BLOOMINGTON — State Farm property-casualty companies reported a pretax operating loss of $1.7 billion for 2017, but the company's net worth still increased.
The company's pretax operating loss was $1.2 billion in 2016. That compared to pretax profits of $1.9 billion in 2015 and $3.4 billion in 2014.
The net worth for the State Farm group ended the year at $97 billion, up from $87.6 billion at the end of 2016, according to figures the Bloomington-based insurer released Thursday.
A combined $6.5 billion underwriting loss on earned premiums of $63.9 billion in 2017 was the major contributor to the 2017 operating loss. In comparison, the underwriting loss in 2016 was $5.5 billion on earned premiums of $61.7 billion.
"The underwriting loss in 2017 was driven by significant catastrophe losses," said the company in announcing its 2017 financial results. "Even with these operating losses, each of the State Farm companies remains financially strong."
Investment and other income of $4.8 billion — an increase of $400 million over the previous year — helped offset the underwriting loss to reduce the overall operating loss.
"In 2017, State Farm helped our customers recover from unexpected losses, including several catastrophic events. While we had operating losses for the year, we are built to handle these events and we continue to be 'good neighbors' and have the financial resources to be there in our customers' time of need," said Jon Farney, senior vice president, treasurer and chief financial officer.
"Our employees, agents and agent team members are making significant changes and process improvements across our company to better serve our customers. We will continue becoming a leaner and stronger company in our pursuit of helping customers recover from the unexpected and being there to help life go right."
The company reported the increased net worth for the company was primarily due to an increase in the value of its stock holdings and the impact of the federal tax overhaul.
State Farm's figures are in line with what other insurers are experiencing, especially those like State Farm that have heavy concentration on personal lines of insurance, such as auto and homeowner coverage, said Steve Weisbart of the Insurance Information Institute.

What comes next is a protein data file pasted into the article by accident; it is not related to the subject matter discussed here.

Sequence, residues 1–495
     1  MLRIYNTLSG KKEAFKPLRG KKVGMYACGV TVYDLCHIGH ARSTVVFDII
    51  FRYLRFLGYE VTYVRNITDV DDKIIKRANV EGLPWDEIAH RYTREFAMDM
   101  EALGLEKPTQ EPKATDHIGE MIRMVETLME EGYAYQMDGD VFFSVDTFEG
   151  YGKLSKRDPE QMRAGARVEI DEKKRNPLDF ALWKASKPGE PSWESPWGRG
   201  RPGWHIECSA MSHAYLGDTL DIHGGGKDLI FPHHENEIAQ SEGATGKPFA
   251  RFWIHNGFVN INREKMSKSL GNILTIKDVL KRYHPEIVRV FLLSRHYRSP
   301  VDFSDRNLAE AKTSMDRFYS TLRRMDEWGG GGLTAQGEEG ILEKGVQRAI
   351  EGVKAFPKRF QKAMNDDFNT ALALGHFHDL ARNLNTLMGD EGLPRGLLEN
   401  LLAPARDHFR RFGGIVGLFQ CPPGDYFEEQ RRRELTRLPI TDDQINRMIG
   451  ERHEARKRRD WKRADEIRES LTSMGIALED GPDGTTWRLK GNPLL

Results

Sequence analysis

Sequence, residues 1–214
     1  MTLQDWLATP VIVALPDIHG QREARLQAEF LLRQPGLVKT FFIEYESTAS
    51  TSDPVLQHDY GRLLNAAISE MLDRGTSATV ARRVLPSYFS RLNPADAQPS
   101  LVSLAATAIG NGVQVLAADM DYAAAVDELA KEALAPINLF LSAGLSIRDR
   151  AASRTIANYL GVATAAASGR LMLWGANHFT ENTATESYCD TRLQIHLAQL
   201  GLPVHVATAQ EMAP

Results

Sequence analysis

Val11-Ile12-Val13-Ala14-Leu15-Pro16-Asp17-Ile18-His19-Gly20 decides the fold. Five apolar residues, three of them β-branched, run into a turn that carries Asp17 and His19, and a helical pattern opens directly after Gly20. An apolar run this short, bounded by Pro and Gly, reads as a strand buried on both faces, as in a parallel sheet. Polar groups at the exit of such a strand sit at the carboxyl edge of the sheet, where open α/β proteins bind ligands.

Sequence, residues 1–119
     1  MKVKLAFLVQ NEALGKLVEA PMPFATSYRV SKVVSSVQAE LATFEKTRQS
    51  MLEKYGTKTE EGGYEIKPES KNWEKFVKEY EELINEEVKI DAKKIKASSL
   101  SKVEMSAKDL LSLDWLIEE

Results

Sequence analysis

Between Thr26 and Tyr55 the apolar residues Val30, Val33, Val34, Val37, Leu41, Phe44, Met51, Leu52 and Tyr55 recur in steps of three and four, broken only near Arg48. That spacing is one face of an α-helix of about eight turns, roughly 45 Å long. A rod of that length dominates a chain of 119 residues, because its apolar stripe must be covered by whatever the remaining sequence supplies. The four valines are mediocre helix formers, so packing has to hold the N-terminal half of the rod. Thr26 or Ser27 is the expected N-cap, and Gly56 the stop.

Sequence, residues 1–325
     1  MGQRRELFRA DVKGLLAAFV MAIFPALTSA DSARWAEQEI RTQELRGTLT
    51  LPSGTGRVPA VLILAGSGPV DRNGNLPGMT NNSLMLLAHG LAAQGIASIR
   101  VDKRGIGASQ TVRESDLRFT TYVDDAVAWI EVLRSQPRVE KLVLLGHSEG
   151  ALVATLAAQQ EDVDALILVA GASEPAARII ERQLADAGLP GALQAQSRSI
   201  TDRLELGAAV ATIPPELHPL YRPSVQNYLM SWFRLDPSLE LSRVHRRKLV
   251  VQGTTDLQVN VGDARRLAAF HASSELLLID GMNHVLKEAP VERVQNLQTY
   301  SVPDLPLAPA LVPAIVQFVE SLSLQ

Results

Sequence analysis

“Certainly the major hurricanes, winter storms earlier in the year and the wildfires did extensive damage — more than any other year,” he said. “So you would expect substantial losses and claims and that is what State Farm seems to be reporting.
“But they are well capitalized, as are many insurance companies, so there is no real threat to the solvency of the company,” he added. “They have quite a bit of reserves able to handle all of the claims that they are facing.”
Eleven property casualty insurers and two life insurers make up State Farm insurance operations.
Underwriting for State Farm's auto business improved compared to 2016, and State Farm Fire and Casualty Co., life insurance affiliates, State Farm Bank and mutual funds each reported pretax operating profits, said State Farm spokeswoman Missy Dundov.
The auto insurance business represented 65 percent of the combined net written premiums of the property-casualty companies, but the category showed a $2.8 billion underwriting loss last year compared to a $7 billion underwriting loss in 2016.
Homeowners, commercial multiple peril and other coverage in that category showed an operating loss of $2.8 billion in 2017 compared to a $2 billion underwriting gain in 2016.
"Our catastrophe claims costs for our homeowner’s affiliates were above expected levels in 2017, including two events (California wildfires) that were among the top 10 most costly in our history," said Dundov.
The same was true for its auto affiliates because of three events (Hurricane Harvey, Hurricane Irma and a spring hailstorm in Colorado and New Mexico) that also were among the 25 most costly in the company's history, she added.
Companywide, State Farm auto rates went up 8.6 percent and its homeowners rates increased 1.1 percent in 2017, according to Dundov.
The year-end report comes as State Farm pursues a companywide restructuring that includes consolidating its information technology departments and trimming management. The company has not provided details on the number of IT and other jobs being eliminated.
State Farm also is adjusting its "real estate footprint" across the country, including pulling out of the downtown Bloomington building that once served as the company's headquarters. The company has not said whether that building will be sold.
Since the company announced last year it was closing 11 facilities across the U.S. over the next four years, two call centers in Tacoma, Wash., have been added to its closure list.
State Farm has nearly 70,000 employees across the U.S., including 23,000 who are employed at the hubs in Atlanta, Dallas and Phoenix. State Farm says it will maintain its current Bloomington-Normal workforce of about 15,000.